The Daily Show started last night’s episode by breaking down the absolute clusterfuck that is Arizona’s anti-gay bill, SB 1062. Of course, last night governor Jan Brewer vetoed the bill that would allow businesses to discriminate against customers citing religious reasons (see: anti-homosexuality), and thus (hopefully) put an end to this whole ordeal, but not before the state had a chance to really let its bigotry shine. So Jon Stewart gave a run down of the giant mess in the Southwest.
He explained why, exactly, Arizona might have felt the need to consider such discriminatory legislation in the first place:
As Jason Collins becomes the first openly gay professional basketball player, as Michael Sam prepares to become the first openly gay NFL player, the Earth continues to spin on its axis, and a plague of locust has yet to descend upon America. Because of this lack of catastrophe, it is up to the states like Arizona to pick up the slack.
Ah, so that explains it. Because God has not yet decided to smite America for its embrace of homosexuality, Arizona had to take matters into its own hands and ensure that there is at least one state where "religious liberty," aka bigotry, stays strong.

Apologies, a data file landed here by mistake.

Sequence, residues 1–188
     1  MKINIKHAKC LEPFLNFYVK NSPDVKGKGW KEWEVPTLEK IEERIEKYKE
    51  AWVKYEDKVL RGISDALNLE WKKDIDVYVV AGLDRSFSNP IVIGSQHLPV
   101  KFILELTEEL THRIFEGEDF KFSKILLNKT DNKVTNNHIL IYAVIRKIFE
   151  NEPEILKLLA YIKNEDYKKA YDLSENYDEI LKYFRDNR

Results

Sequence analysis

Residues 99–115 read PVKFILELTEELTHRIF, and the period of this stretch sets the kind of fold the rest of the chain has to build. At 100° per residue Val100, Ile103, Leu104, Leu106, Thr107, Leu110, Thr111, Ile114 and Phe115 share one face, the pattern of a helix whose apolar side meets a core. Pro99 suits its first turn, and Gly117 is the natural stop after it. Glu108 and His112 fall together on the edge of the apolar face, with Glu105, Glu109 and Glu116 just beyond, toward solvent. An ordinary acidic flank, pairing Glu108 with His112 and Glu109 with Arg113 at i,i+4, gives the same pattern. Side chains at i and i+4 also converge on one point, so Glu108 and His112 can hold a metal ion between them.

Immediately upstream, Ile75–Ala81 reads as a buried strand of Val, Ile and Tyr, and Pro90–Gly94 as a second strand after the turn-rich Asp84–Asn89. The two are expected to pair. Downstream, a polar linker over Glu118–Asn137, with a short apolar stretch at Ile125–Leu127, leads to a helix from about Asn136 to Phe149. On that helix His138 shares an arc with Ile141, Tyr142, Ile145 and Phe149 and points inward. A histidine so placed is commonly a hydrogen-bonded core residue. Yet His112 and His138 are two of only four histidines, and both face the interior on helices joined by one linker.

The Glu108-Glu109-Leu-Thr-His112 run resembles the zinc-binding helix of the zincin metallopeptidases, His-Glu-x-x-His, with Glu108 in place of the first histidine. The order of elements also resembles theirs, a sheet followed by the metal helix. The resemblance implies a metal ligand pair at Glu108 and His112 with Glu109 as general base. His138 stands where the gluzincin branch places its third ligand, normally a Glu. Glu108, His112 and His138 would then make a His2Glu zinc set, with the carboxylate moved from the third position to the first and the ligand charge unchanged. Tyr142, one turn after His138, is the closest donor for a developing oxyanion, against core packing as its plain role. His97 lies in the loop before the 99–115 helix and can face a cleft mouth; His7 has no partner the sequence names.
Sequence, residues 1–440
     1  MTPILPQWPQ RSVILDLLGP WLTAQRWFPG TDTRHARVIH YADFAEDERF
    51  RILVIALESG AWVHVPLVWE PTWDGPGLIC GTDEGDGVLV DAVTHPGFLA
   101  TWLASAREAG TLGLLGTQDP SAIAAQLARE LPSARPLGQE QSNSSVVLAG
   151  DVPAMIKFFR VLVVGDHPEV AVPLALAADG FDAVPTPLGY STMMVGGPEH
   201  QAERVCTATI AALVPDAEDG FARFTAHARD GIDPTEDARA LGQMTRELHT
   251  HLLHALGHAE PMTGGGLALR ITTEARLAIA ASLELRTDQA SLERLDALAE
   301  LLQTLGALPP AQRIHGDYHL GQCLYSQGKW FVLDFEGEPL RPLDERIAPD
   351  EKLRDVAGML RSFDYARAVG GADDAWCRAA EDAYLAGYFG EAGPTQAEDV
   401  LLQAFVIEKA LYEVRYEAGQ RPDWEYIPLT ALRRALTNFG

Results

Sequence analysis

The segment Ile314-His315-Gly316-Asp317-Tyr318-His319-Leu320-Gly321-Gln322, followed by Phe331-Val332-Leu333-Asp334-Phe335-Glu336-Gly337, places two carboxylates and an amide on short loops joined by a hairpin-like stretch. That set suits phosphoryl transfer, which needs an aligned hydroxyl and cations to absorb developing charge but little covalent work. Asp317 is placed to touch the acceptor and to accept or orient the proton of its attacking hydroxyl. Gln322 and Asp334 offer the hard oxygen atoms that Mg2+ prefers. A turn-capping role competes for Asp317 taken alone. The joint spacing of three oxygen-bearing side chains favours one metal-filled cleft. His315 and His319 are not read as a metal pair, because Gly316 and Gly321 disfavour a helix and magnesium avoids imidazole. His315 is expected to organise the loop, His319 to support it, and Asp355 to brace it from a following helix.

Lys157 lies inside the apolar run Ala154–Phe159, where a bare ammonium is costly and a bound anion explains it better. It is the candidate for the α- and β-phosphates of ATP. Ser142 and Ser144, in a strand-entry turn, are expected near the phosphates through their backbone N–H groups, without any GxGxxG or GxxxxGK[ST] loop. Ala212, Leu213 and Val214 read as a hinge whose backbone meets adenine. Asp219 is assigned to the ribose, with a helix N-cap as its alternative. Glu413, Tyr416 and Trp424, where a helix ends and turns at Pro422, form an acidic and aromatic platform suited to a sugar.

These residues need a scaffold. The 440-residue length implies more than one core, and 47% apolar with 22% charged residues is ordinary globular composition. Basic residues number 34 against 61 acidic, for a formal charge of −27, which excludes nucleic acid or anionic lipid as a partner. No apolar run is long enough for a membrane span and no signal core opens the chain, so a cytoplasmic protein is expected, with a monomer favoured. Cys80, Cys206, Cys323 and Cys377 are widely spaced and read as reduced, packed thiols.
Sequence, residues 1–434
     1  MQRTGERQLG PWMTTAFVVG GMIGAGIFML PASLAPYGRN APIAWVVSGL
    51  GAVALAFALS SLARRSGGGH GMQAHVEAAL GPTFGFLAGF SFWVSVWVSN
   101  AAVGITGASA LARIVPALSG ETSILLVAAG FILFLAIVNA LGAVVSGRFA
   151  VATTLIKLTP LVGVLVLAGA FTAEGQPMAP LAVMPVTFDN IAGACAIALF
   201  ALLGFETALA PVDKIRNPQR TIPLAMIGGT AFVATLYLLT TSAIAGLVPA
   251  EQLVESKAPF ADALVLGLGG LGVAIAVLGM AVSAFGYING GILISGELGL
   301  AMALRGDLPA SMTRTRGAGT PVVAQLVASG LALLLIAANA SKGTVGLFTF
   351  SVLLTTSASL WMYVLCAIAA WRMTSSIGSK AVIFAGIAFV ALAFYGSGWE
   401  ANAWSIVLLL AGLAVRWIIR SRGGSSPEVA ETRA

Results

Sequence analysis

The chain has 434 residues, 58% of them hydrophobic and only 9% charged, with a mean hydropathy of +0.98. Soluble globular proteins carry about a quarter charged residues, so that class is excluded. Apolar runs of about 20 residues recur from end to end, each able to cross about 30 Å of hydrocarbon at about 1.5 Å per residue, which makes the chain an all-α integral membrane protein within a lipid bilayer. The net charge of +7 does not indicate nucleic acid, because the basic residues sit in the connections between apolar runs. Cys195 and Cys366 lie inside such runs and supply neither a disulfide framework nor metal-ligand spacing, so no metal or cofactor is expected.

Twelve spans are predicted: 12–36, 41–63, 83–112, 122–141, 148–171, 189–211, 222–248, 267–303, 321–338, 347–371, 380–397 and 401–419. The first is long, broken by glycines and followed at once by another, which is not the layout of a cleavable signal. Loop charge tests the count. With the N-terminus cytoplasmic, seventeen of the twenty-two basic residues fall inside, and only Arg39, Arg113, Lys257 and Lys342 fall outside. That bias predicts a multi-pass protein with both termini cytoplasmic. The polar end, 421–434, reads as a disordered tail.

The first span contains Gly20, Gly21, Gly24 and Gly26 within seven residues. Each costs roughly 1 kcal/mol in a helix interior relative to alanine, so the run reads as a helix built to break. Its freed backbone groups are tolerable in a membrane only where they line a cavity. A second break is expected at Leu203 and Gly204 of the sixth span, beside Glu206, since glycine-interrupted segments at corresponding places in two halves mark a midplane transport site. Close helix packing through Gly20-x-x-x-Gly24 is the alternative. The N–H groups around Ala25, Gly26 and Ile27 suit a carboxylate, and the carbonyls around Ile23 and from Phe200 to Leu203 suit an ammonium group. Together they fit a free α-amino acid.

What does Stewart have to say to Arizona? "You are lucky you're warm ... If you had your attitude and Seattle's weather, you would be the world's largest used condom and nuclear waste dump," he said, and frankly, we have to agree.
Of course, the "religious liberty" defense of the bill is pretty asinine. Stewart showed a clip of Sen. Al Melvin calling the bill a "preemptive" defense, but when asked if he could name one example of religious freedom being under attack, Melvin simply replied "Not yet, no." Which means this bill makes about as much sense as a "Robot Voter ID bill."
In the end, Brewer vetoed the bill because even the state legislators that voted for and passed the legislation realized it was a horrible mistake. One of the main factors in Brewer's decision to veto was that the Arizona Super Bowl Host Committee did not support SB 1062, opening up the possibility of moving the game elsewhere. "This is where you are now, Arizona: You've made yourselves too homophobic and dickish for professional football," Stewart said.
But all the reasons Arizona lawmakers gave for turning against the bill left out the most important. Let Stewart explain: "It's morally repugnant."
And really, that's all there is to it.
This article is from the archive of our partner The Wire.
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